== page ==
I continue to biohack myself and remain committed to the Primal lifestyle. I recently started up a Primal Meetup group to get together with some of the wonderful people I met at PrimalCon and to meet others also following this lifestyle. It's been wonderful connecting with people in real life. I still remember how I used to look, feel and perform before I went Primal and I can honestly say, I'm never going back.
I recently took a road trip out to New Mexico. Had to stand on a corner in Winslow, Arizona.
With Orleatha Smith at PrimalCon 2012.
Read Tara's original Success Story here.
I think I sent you my initial story about two years ago? Anyway, if I recall, my wife had just become pregnant then. The pregnancy went great, no issues. She gave birth to our son almost one year ago (June). The birth went well and our child was born healthy, with the standard struggles of a new mom learning to breastfeed. One year later my wife is at her pre-pregnancy weight and fitness, with no struggles to lose the weight gained during pregnancy at all. I have maintained my weight and put on a bit of muscle just from doing less cardio (too busy to ski all day long), and spending more time lifting when Alex naps. I still don’t have any of the exercise induced asthma that I used to suffer from, which was my biggest health improvement from ditching the standard American diet.
We spent last winter skiing all the time with Alex. I think I skied about 50-60 days with the little bugger on my back, both nordic and backcountry, so that was great exercise! Now that spring is here, he’s in the bike trailer and we drag him around every evening. Thus far he’s pretty much spent every day, outside, in the mountains. He loves it, you can see it calm him down if he’s been cranky.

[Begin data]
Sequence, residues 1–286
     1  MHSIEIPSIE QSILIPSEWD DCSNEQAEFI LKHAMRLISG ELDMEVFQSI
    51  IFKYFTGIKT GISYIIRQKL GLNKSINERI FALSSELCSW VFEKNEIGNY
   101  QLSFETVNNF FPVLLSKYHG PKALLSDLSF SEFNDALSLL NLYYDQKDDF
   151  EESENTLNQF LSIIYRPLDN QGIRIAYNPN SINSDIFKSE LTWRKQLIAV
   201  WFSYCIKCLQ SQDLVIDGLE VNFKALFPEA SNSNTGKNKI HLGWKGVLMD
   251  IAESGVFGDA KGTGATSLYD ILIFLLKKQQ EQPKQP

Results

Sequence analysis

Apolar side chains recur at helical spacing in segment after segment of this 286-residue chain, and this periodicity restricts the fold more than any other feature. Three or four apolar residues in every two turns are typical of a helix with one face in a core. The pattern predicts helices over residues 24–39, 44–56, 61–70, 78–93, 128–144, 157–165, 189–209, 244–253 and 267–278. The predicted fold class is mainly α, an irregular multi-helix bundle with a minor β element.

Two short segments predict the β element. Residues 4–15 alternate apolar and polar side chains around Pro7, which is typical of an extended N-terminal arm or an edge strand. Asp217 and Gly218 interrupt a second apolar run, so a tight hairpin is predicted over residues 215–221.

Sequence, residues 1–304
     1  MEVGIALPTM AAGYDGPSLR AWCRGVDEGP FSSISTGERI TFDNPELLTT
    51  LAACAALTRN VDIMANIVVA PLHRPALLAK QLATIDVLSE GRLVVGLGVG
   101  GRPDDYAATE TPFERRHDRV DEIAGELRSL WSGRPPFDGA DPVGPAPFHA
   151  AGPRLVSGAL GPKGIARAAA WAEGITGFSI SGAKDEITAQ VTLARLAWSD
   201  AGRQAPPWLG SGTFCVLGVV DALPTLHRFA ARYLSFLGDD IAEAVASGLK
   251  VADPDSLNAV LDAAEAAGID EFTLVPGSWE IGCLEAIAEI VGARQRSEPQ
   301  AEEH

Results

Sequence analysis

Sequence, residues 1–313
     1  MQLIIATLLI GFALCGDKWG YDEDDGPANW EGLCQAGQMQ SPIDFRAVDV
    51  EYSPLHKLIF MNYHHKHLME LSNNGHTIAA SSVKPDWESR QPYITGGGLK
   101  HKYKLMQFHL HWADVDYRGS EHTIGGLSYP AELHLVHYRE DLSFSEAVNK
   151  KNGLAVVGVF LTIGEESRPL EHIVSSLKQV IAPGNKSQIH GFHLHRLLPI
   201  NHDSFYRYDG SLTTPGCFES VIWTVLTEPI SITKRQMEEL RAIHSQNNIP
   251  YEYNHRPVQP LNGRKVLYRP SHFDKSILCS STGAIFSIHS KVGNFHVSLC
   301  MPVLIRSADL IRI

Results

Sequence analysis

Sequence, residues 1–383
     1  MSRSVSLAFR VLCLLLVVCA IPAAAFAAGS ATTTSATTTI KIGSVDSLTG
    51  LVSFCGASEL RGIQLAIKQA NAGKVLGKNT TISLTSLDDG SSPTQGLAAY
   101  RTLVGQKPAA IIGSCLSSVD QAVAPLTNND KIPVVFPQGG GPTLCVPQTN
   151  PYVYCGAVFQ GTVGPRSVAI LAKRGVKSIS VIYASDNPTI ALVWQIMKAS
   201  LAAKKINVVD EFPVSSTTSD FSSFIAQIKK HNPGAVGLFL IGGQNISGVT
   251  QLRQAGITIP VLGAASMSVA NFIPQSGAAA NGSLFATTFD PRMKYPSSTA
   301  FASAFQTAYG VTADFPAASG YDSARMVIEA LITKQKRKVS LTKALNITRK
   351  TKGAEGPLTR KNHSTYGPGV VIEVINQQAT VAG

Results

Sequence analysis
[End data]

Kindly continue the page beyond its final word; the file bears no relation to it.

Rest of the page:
Since I contacted you two years ago, we’ve continued to eat “Primal”, making an effort to eat a wide range of high-quality, whole foods. We are not carb phobic in the slightest, in part because we are both active. Over the past few months, I have also started soaking/sprouting/fermenting buckwheat groats to make incredible “fast food” such as crepes, waffles, burritos, and pizza crust. We still don’t eat any sort of cereal grain, and neither my wife nor I have any desire to. Interesting though, the pressure people put on you when you tell them you’re not feeding your child little bits of highly processed baby snacks and all the other garbage made for babies. The pressure got heavy enough that my wife started to cave in a bit, then we discussed the meritless advice, and went back to feeding our youngster real food.
Anyway, our story wasn’t that dramatic, but I really think changing our diet is what helped my wife to finally get pregnant. We are both convinced of it. On that note, I am back in school working on a graduate nutrition/public health program. I’m hoping to transition out of ER nursing and work in obesity counseling in some capacity. Hopefully one day I can lead more people to this “way of life”, which I don’t necessarily call Primal. I like to think of it as living like your great Grandma did. Eat real food from good sources, move more, stress less, cut back on all the extra “stuff” in your life, simplify, sleep, hang with family.